Scientists have designed a tiny, shape-shifting "spider-bot" that can passively manipulate its body as it navigates its environment.
The arachnid-inspired robot is a precursor to a bot that could one day perform surgery or hunt through rubble for survivors in a disaster zone, its inventors say.
The robot, dubbed "mCLARI" is 0.8 inch (2 centimeters) long, weighs less than 0.03 ounces (0.97 grams) and can scurry at maximum speeds of 2.4 inches per second (6 cm per second), according to research published Oct. 6 to the preprint database arXiv.
The miniature robot is the smaller, faster successor to CLARI, which was designed by the same team. It also passively changes its shape in multiple dimensions to fit through gaps.
"Because of the robot's small size and the ability to shape morph, we envision applications of this technology in the following four major domains of socioeconomic importance," study lead author Kaushik Jayaram, a mechanical engineering professor at the University of Colorado, told Live Science in an email. These include disaster response, high-value asset inspection, environmental monitoring and precision medicine.
"In the long term, we envision such robots to be effective at navigating through human bodies and performing automated surgery such as clearing an artery clog or removing a tumor." Jayaram said.
With mCLARI, Jayaram's team is inching closer to creating robots that can navigate complex environments — just like the organic creatures they're inspired by.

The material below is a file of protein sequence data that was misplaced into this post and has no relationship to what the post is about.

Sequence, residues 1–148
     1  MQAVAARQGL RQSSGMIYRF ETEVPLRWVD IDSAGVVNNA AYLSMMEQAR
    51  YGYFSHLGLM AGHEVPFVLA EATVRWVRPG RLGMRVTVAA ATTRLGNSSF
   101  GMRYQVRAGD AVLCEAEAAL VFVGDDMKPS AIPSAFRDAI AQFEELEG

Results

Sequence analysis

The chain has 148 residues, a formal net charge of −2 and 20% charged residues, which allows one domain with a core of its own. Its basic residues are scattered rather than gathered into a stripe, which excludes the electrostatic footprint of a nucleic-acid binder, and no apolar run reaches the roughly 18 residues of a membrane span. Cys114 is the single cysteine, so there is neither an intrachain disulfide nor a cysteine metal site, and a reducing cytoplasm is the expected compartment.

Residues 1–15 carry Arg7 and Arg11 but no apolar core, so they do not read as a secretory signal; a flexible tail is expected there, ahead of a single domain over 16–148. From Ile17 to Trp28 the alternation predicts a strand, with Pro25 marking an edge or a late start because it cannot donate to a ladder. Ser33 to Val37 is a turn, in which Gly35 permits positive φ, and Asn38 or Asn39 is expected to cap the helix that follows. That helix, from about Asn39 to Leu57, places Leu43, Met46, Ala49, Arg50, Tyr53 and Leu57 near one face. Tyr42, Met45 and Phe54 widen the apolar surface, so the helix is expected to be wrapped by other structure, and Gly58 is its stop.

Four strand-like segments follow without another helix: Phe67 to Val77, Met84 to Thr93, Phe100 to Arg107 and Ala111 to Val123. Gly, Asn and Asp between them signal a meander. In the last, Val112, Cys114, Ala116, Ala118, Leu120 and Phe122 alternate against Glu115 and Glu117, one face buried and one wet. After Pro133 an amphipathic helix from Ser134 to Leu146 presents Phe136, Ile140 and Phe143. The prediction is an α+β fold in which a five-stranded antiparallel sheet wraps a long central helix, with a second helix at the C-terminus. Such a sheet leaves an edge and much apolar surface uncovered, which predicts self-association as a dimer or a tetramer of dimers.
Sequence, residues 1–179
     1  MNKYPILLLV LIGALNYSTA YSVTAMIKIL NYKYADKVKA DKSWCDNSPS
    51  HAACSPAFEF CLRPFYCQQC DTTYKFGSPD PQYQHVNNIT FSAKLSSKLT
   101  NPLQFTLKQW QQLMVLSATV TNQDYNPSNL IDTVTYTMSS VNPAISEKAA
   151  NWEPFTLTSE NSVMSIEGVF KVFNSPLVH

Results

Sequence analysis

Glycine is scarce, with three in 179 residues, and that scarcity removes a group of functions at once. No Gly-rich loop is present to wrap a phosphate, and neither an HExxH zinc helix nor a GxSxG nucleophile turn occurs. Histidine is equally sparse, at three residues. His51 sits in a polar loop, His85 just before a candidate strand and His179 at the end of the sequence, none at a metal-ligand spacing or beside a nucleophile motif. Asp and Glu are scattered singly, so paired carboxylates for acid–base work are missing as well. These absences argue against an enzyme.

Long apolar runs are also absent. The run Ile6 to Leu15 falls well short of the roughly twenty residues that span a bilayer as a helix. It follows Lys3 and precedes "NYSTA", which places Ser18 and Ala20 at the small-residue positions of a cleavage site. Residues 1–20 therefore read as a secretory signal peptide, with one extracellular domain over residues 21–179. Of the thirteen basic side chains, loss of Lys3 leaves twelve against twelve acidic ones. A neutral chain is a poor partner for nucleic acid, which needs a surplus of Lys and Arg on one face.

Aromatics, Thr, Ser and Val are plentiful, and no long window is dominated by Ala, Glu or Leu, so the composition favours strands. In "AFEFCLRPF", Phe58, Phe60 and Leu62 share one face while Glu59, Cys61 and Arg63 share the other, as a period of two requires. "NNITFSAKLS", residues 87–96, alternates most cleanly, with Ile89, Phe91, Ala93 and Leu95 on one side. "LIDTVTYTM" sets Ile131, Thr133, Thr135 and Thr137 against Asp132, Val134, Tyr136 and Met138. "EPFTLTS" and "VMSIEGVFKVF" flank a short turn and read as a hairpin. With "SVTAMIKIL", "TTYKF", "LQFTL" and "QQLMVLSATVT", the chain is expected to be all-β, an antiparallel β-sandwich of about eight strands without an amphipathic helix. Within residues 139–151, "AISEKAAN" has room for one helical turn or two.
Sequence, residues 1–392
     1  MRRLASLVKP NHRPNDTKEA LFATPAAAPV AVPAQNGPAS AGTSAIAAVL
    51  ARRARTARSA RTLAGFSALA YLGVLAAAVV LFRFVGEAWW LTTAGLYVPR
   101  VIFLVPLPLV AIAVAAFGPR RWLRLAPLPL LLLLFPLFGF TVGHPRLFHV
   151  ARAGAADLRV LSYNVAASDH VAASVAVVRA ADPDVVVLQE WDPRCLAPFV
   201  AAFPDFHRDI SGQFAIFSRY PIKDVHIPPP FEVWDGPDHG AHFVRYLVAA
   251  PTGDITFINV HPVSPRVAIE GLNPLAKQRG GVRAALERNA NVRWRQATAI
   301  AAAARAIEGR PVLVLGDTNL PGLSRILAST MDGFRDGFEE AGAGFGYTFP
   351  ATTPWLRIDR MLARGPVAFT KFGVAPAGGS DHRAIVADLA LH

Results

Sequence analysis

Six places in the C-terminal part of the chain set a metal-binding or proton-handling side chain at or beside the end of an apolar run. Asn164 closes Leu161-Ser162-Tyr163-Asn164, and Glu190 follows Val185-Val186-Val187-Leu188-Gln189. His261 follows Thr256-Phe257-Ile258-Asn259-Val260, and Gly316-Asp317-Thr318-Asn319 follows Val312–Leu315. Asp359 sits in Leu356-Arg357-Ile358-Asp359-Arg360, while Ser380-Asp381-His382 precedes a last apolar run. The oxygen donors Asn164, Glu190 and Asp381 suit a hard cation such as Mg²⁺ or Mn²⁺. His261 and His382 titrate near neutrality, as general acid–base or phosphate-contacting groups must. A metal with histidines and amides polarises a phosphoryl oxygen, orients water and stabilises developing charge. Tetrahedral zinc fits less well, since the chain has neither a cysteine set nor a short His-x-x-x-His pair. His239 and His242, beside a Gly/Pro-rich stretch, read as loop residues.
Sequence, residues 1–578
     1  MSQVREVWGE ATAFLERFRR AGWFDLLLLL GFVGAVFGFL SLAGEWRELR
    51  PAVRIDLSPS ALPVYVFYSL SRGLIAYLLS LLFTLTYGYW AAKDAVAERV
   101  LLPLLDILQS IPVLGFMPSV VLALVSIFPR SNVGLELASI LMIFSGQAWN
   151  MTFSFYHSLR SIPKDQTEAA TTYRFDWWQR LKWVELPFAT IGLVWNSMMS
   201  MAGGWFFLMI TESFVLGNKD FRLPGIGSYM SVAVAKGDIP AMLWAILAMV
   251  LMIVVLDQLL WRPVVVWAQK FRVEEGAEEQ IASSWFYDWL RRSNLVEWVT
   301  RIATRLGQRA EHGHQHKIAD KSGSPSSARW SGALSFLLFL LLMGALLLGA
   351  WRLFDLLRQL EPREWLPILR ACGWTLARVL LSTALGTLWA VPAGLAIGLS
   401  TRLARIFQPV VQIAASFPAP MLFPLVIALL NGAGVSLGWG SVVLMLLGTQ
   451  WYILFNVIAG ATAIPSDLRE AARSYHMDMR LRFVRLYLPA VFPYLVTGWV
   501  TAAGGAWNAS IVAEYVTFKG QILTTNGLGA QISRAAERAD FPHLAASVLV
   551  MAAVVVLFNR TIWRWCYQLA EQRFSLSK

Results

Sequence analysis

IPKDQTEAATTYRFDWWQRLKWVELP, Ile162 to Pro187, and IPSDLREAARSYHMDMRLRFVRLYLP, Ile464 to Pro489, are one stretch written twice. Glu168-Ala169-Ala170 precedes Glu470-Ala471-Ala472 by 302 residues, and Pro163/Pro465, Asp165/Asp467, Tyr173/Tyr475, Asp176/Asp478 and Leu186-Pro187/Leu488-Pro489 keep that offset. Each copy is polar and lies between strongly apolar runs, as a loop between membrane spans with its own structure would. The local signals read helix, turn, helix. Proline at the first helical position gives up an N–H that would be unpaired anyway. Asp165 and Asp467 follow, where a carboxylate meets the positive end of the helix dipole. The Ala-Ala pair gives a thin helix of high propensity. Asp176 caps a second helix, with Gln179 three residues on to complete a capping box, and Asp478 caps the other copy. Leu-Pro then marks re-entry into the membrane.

In 2020, the team created a cockroach-inspired miniature robot called HAMR-JR.
For both the roach bot and the new spider-bot, the team used an origami-like fabrication method to etch microelectromechanical components onto a 2D sheet and then popped these out to create a 3D structure.
mCLARI robot has four leg modules that can move in two different dimensions. The robot can maneuver in tight spaces by switching between running forward and side-to-side and can adopt multiple gaits and scurrying speeds.
Its legs hinge to its body through passive joints, which enables mCLARI to alter its body shape based on the environment it encounters. For instance, its legs can stretch up to 50% in certain spaces.
As follow-up work, the scientists want to give mCLARI more power and sensing ability.
"We are also excited about understanding the effect of shape change on enhancing locomotion maneuverability," Jayaram said.
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Keumars is the technology editor at Live Science. He has written for a variety of publications including ITPro, The Week Digital, ComputerActive and TechRadar Pro. He holds a BSc in Biomedical Sciences, and has worked as a technology journalist for more than five years.